Byron in Love, by Edna O’Brien
‘We would entreat him to believe that a certain portion of liveliness, somewhat of fancy, is necessary to constitute a poem,’ wrote Henry Brougham in the Edinburgh Review, when the young Byron was unwise enough to expose his first, dismal book of juvenilia to the gaze of ‘Citizen Mob’,
‘and that a poem in the present day, to be read, must contain at least one thought, either in a little degree different from the ideas of former writers or differently expressed’.
It is as well for a lot of us that there seem to be different standards for biographers ,because there can be even less to be said for a new book about Byron than there is for most literary retreads. Over the last decade Benita Eisler and Fiona MacCarthy have both brought out massive volumes on him, and if you toss in Phyllis Grosskurth’s 1997 The Flawed Angel (a bagatelle at 500-odd pages), Ian Gilmour and an unending stream of academic criticism, the question Edna O’Brien asks herself — ‘So why another book on Byron?’ — presents itself with rather more force than her
unashamedly self-indulgent answer might suggest. ‘Years ago, upon reading a remark of Lady Blessington that Byron was “the most extraordinary and terrifying person [she had] ever met”, I was immediately drawn to him,’ she writes in her Introduction.
Writers writing about other artists has always appealed to me — Rilke on Rodin . . .Virginia Woolf’s Common Reader providing those quick, deft glimpses that give us the human quotidian and the whiff of genius within . . .
Similarly, with Byron, I wanted to follow him in his Rake’s Progress and his Poet’s Progress, playing billiards in an English country house and passing clandestine notes to a young bride . . . Byron in love, Byron seized with melancholia . . . Byron dying of a fever in a swamp in Missolonghi at the age of 36, the face that had been the Adonis of all Europe covered in leeches and bandages.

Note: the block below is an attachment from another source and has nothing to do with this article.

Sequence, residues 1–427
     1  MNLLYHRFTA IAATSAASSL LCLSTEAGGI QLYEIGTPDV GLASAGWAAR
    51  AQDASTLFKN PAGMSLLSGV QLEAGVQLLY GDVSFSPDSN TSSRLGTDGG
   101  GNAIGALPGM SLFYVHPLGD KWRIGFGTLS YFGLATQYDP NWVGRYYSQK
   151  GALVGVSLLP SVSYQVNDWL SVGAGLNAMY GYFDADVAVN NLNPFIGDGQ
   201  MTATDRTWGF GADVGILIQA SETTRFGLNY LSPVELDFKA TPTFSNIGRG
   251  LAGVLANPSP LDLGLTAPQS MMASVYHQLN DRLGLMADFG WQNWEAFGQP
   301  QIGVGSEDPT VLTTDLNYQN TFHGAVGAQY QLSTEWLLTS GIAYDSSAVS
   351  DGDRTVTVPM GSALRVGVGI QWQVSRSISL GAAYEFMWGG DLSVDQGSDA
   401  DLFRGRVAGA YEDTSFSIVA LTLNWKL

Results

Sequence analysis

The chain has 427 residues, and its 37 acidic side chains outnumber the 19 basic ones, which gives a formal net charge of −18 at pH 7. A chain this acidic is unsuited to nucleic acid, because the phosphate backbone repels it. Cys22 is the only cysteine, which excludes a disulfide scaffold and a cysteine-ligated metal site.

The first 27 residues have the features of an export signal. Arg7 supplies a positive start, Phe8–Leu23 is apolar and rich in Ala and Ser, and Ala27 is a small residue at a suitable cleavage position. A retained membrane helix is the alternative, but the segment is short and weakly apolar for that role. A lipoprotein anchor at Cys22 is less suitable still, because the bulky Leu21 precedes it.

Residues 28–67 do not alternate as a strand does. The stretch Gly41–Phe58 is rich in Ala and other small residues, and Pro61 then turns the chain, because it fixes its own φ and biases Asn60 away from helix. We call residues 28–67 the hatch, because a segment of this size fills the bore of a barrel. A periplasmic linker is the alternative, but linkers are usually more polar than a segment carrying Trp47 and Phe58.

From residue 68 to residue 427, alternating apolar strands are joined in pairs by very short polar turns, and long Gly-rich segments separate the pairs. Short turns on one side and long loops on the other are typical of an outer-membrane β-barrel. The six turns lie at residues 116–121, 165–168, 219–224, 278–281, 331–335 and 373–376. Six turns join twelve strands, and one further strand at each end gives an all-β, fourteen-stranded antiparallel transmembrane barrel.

I suppose it is possible that ‘artists’ (as opposed to people who just write books) have special insights to bring to a literary life — as soldiers do writing on war, or ‘Bumble’ and ‘Beefy’ on another English batting collapse — but it is hardly as though Byron has been badly served in this department. It is certainly true that he never got the Boswell he deserved, but when a man has written about himself as compulsively and brilliantly as Byron has in both verse and prose, all that anyone really needs is scholarship of the kind that produced the wonderful Marchand edition of Byron’s letters.
But if that has always been the problem for Byron biographers — Byron has written better about Byron than anyone else ever could — it has also been their redemption, and Edna O’Brien is shrewd and generous enough to allow him his voice. There is nothing in Byron in Love (including the cover) that has not been seen or heard before, but if you want a smart canter through the life (though not the poetry, about which she is oddly reticent) that successfully catches the Byron tone in just over 200 pages then this is probably the book.
There is nothing perversely original about it, nothing obstinately wrong-headed, nothing narrowly partisan or mean in its sympathies, and if these seem negative virtues they are not so common in the Byron world as to be taken for granted. O’Brien begins with the familiar miseries of his parentage and childhood, and rattles on through all the crucial phases and friendships — Newstead and his nurse, Harrow and Clare, Cambridge and Edleston, Greece, Turkey and just about anyone of either sex you care to mention — that brought him finally to the publication of Childe Harold, the attentions of Caroline Lamb, marriage to the ‘Princess of the Parallelograms’ and the three-cornered relationship with his half-sister, Augusta, that forms the core of this book.
There is again nothing fresh to be added here, but the unfolding tragedy of ostracism, exile and redemption in the cause of Greek freedom remains as compelling as ever. It was one of the bitterer ironies of Byron’s life that the only way that he could do the wretched Greeks any good was by dying for them, but if O’Brien’s book did nothing else it would provide an entertaining reminder of just how much living he got in first. ‘Confess — confess — you dog,’ Byron himself wrote to Kinnaird of his Don Juan that it is the sublime of that there sort of writing — it may be bawdy — but is it not good English? — it may be profligate — but is it not life, is it not the thing? Could any man have written it — who has not lived in the world? — who has not tooled in a post-chaise? in a hackney coach? in a Gondola? against a wall? in a court carriage? — in a vis-a- vis? — on a table ? — and under it?
No, I suppose not. But if, as ever, Byron has said it more vividly than anyone else could, it is not hard to see why so many have wanted jump on the vis-a-vis with him and have a try.